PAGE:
The issue of rising TAMCC fees

Whatever the final decision is regarding the declared raising of fees at the T.A Marryshow Community College (TAMCC), THE NEW TODAY would like to raise some  important issues which need to be addressed by those charged with the responsibility of running our only state-owned tertiary educational institution in the country.

TAMCC needs to look inside at its own operation and see if the possibilities and potential might exist for the college to earn some of its own funds and use it for operating expenses.
The fact is that Government has drastically cut its subvention to the College this year, which it intends for the institution to raise by itself.

But let’s look carefully at TAMCC: Many persons are currently unable to pay the fees so they cannot enter, period. Some students that are currently enrolled at the college cannot attend all classes per area of study in order to save on travel, cost of attending, etc. However they will have to meet their 80% attendance in order to graduate based on the College’s Student Handbook.

How feasible could it be to add this increase in an already depressed economy with many parents on almost fixed incomes?

On the other hand, THE NEW TODAY is forced to question whether TAMCC has done enough to raise some of its own operational/working capital. Non-students of economics know that in times of a downturn, the first measure for financial survival is to cut expenses where possible.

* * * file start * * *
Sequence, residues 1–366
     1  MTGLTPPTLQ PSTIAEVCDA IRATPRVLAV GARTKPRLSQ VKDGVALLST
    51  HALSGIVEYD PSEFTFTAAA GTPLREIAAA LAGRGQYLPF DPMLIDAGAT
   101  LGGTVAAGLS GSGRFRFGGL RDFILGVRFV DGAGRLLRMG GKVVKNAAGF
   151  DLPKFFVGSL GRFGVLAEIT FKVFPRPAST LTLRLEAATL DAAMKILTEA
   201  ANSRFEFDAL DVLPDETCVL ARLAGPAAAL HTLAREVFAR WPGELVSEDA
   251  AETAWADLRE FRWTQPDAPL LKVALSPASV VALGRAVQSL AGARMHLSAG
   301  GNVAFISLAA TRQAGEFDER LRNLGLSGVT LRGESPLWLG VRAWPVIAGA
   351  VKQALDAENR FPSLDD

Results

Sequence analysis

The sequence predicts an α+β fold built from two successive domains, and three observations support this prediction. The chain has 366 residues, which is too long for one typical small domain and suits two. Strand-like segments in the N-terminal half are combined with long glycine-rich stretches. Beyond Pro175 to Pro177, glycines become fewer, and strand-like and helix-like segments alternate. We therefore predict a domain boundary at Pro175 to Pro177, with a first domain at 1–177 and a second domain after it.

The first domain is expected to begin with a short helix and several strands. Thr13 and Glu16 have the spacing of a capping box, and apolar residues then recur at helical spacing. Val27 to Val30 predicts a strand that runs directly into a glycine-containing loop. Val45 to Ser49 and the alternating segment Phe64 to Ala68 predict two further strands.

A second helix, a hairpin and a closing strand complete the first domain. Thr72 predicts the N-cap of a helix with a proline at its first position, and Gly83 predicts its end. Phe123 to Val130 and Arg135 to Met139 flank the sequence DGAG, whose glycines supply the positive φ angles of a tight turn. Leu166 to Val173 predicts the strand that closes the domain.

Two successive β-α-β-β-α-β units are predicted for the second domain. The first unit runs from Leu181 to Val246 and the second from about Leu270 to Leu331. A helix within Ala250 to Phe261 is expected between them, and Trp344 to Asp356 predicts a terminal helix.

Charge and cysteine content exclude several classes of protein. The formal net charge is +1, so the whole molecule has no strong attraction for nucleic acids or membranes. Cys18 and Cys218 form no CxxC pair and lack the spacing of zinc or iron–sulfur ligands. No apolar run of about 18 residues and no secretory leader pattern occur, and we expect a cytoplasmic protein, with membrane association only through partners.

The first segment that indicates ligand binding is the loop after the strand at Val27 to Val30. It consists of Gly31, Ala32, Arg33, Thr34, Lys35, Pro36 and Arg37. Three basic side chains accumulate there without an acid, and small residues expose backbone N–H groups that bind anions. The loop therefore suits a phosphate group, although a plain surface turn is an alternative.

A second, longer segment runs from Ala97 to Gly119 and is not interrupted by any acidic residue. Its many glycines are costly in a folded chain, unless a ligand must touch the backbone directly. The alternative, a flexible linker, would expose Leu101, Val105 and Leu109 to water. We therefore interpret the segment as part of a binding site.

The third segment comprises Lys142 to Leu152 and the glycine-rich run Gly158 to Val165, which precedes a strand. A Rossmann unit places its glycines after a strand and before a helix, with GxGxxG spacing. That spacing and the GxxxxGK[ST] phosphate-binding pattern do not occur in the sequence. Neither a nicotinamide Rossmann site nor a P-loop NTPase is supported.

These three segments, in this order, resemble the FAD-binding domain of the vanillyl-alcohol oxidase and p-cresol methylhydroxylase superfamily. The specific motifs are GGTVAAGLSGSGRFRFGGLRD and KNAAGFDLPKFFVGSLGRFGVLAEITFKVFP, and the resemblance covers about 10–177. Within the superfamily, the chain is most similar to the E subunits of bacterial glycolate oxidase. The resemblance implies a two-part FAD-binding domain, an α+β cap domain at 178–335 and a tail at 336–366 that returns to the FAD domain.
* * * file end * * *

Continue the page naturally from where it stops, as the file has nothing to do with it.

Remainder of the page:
One can also look for niches in order to raise income where possible. If one passes any school day outside TAMCC, one will see a private mobile food wagon parked outside TAMCC’s campus doing what TAMCC could do within its walls and make money.

MNIB also operates another food shop inside the TAMCC gate, then there is a third such operation. It is public knowledge that TAMCC runs a Domestic Arts programme for students, which includes food preparation. So anyone with a little common sense can make the connection.

Here’s another: How about the sale of stationery? There is a ready market of more than 2000 students right on campus. Many other viable options are at TAMCC’s disposal. If as the Prime Minister recently said, TAMCC should operate as a business, then it should be able to establish profit-making operations in addition to providing a public (intellectual) good.

TAMCC must be made to operate efficiently. It must cut its cost of operations.  Too much manual work is required where there are cheaper electronic solutions that can be integrated into a central IT system.

Students were seen a few days ago getting library clearance: a piece of paper that says they are cleared of debt to the library. Isn’t that easy to input in a database? Or consider how many Deputy Registrars are currently employed to assumedly take the weight off the Registrar and to what end? How many square pegs are in round holes at TAMCC bleeding the purse strings?

There is need for someone to conduct an independent job evaluation to determine how the administration staff could be repositioned to bring better and greater results through high performance and productivity.